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Catt backs Sexton's World Cup ambition

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Johnny Sexton in action during yesterday’s Captain’s Run. Photo: INPHO

Johnny Sexton in action during yesterday’s Captain’s Run. Photo: INPHO

Johnny Sexton in action during yesterday’s Captain’s Run. Photo: INPHO

Mike Catt firmly believes that Johnny Sexton can follow his lead by playing on until his late 30s, as Ireland's attack coach called for patience with regard to the new framework he has introduced.

Sexton will captain Ireland this afternoon, as the veteran out-half returns from a hamstring injury to lead Ireland in their third-fourth place Autumn Nations Cup play-off against Scotland at the Aviva Stadium (2.15).

Earlier this week, the 35-year old reiterated his desire to sign a new contract in the coming weeks, with the intention of playing on until the 2023 World Cup.

Catt managed to prolong his playing career until he was 39, and the former England international sees no reason why Sexton can't do the same.

"I think it's just the love of the game that drove me, I didn't want to do anything else in life and I think Johnny doesn't particularly want to do anything else," Catt said.

"Johnny is all about rugby and he's massively passionate about the game, about Leinster and about Irish rugby.

“I went until I was 39 so I understand what he’s going through. I think the big one is enjoying his rugby. He’s a huge figure within the team. He drives the standards,” Catt added.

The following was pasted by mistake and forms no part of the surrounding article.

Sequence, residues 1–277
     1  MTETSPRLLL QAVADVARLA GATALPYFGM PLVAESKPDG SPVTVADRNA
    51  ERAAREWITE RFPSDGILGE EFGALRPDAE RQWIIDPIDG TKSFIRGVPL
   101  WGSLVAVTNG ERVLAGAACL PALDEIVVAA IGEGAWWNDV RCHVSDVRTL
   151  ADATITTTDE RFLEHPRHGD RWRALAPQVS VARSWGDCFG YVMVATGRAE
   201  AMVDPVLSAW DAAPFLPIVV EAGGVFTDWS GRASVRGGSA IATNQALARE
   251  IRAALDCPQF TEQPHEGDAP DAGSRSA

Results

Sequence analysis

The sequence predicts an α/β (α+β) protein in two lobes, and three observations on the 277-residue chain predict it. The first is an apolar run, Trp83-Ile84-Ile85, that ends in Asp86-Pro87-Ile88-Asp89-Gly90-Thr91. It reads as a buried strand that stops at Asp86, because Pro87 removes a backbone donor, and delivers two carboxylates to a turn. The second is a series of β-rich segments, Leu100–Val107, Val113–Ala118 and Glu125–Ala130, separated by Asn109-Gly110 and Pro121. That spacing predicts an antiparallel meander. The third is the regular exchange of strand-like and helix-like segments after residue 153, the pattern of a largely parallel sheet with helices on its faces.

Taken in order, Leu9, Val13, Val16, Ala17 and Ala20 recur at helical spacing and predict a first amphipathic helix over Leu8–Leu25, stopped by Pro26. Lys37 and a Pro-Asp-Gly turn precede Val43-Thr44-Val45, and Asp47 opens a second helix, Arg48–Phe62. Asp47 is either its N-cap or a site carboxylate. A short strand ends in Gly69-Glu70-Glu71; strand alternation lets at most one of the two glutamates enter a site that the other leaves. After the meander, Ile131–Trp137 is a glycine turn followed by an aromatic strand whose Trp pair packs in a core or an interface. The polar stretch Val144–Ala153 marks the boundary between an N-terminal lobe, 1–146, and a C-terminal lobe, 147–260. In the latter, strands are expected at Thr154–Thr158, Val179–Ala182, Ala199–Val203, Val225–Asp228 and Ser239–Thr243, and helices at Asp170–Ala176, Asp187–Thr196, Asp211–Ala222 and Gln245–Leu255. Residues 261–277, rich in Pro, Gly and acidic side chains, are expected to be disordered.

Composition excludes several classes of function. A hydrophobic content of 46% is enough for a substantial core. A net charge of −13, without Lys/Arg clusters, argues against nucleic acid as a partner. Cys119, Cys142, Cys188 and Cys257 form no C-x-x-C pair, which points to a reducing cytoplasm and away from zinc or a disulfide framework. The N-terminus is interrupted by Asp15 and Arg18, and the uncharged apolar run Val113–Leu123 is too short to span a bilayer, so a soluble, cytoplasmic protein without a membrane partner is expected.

“We all know what Johnny is about, but first and foremost I think each individual has to make sure that they perform themselves and he’s a big driver in that.

“Depending on injury on everything that goes with it, sometimes it’s out of your control, but at the moment where he is mindset-wise, he is very well capable (of playing at the next World Cup), yes.”

Farrell’s men are under pressure to deliver a big performance, as well as a result against a resurgent Scotland. A year into the job, Catt’s attack hasn’t yet fired on all cylinders, but he has called for more time to implement what is a new game-plan.

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“I think we’ve progressed really, really well in certain areas,” he said. “There are still certain areas where we need to go to probably another two or three levels. Our execution last week wasn’t acceptable.

“We went over the try-line three times and couldn’t score a try. So these are all little things that are fixable.

“But again, when you try to do that all-court game it takes time unfortunately and I think as a group of coaches we believe where we’re going is the right way.”


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